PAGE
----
U.S. job creation remained solid in May, with an increase in payrolls of 339,000 and revisions to March and April adding another 93,000 jobs. Over the past three months, monthly job gains have averaged 283,000, a pace that is consistent with a strong labor market characterized by ongoing, robust job creation.

The unemployment rate rose from 3.4 percent in April to 3.7 percent in May. Unemployment has been below 4 percent since February 2022; since then, it has moved between 3.4 and 3.8 percent. This raises the question: how can we get both strong job creation and rising unemployment in the same month? In fact, this is not uncommon and stems from the fact that the monthly jobs report from the Bureau of Labor Statistics (BLS) contains data from two sources: the Establishment Survey and the Household Survey. The former is a survey of workplaces (establishments) from which the BLS derives the payroll count and wage growth. The latter—the Household Survey—provides the unemployment rate and labor force results. We discuss May’s unemployment increase in more detail below.

Turning first to the payroll numbers, Figure 1 shows monthly job gains (in bars) and the three-month moving average of monthly gains (line). The decelerating trend in the average is what we would expect as the labor market recovery matures.  The overall economy has downshifted from the very strong pace of growth that occurred when the economy bounced back from the pandemic-induced recession. It is now approaching a slower and steadier pace of job creation. While the CEA is always careful not to over-interpret one month of data, today’s report along with other recent labor market data, e.g., the strong job vacancies number for April, suggest a persistently tight job market.

Tight job markets typically support wage growth, and last month, hourly wages were up 0.3 percent for the month and 4.3 percent over the past year. To get a better sense of recent trends in wage growth, we employ another smoothing approach to better tease the signal from the noise: 3-month annualized wage growth (see Figure 2). It shows a slight downward trend, from an annual rate of around 5.5 percent a year ago to about 4 percent this May.

Figure 3 meanwhile compares 3-month annualized trends in hourly wage growth for all private workers, for production, non-supervisory workers (the 80 percent of payroll employment that is blue collar in manufacturing or non-managers in services) and for CPI inflation. (Note: we do not yet have CPI data for May.) A year ago, there was a very large gap between inflation and wage growth. More recently, that gap has largely disappeared, and since last June, real wages are up about 1 percent for both wage series.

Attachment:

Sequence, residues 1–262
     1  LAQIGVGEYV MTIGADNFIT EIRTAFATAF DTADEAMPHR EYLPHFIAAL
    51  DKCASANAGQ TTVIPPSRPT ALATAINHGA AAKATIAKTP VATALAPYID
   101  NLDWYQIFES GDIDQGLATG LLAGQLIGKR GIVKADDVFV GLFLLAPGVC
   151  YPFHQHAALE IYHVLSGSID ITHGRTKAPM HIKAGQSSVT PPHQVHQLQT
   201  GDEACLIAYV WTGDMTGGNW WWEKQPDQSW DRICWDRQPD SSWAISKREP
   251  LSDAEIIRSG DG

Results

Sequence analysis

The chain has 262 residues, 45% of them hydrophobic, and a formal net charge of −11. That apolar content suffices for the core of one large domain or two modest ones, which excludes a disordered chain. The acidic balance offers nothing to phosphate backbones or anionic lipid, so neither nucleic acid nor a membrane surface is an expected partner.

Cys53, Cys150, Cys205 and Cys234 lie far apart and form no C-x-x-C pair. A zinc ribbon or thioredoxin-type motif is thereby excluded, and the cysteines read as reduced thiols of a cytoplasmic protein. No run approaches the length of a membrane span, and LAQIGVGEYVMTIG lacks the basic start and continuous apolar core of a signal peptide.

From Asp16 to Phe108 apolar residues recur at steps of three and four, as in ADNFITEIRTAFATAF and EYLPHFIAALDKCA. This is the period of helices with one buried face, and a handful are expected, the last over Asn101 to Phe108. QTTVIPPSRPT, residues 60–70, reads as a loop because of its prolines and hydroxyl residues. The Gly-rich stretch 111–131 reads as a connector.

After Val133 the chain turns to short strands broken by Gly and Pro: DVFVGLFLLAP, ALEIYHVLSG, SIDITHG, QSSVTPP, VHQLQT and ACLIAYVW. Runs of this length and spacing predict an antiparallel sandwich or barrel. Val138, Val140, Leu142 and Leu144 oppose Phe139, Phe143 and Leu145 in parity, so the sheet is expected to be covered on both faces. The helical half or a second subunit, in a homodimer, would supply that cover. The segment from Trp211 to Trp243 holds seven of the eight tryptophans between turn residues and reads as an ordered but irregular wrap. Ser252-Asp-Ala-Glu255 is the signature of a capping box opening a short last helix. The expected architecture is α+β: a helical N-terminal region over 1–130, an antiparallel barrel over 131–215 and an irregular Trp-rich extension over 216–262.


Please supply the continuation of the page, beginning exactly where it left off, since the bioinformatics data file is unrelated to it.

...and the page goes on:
Turning to the household survey, unemployment rose from 3.4 percent in April to 3.7 percent in May. While this increase seems large, unemployment estimates can be volatile from month to month. Unemployment remains quite low, below 4 percent, and has varied between 3.4 and 3.7 percent over the course of the last year. Given continued strength in the payroll report, low levels of unemployment insurance claims, and a very low layoffs rate in April, we suspect this increase in the unemployment rate is likely statistical noise and not an indication of increased layoff activity.

While overall labor force participation held steady, prime-age labor force participation increased another 0.1 percentage point in May and is now at its highest level since January 2007 (Figure 4). Prime-age women’s labor force participation also ticked up in May, reaching its highest level since the data series began in 1948. While aging demographics continue to pose headwinds for overall labor supply, the continued strong recovery in prime-age labor force participation demonstrates how the strength of demand in the current labor market pulls in workers.

The U.S. job market remains in a historically strong period of job creation. Though the jobless rate rose last month, it is still at historically low levels, and labor supply is particularly robust for prime-age workers. The tight job market is generating wage gains that in recent months have beat inflation, especially for blue collar workers. This dynamic, in turn, continues to support solid consumer spending, a fundamental force in the U.S. economy that represents just under 70 percent of nominal GDP. While significant headwinds exist in today’s economy, today’s report confirms that the job market remains a strong tailwind.

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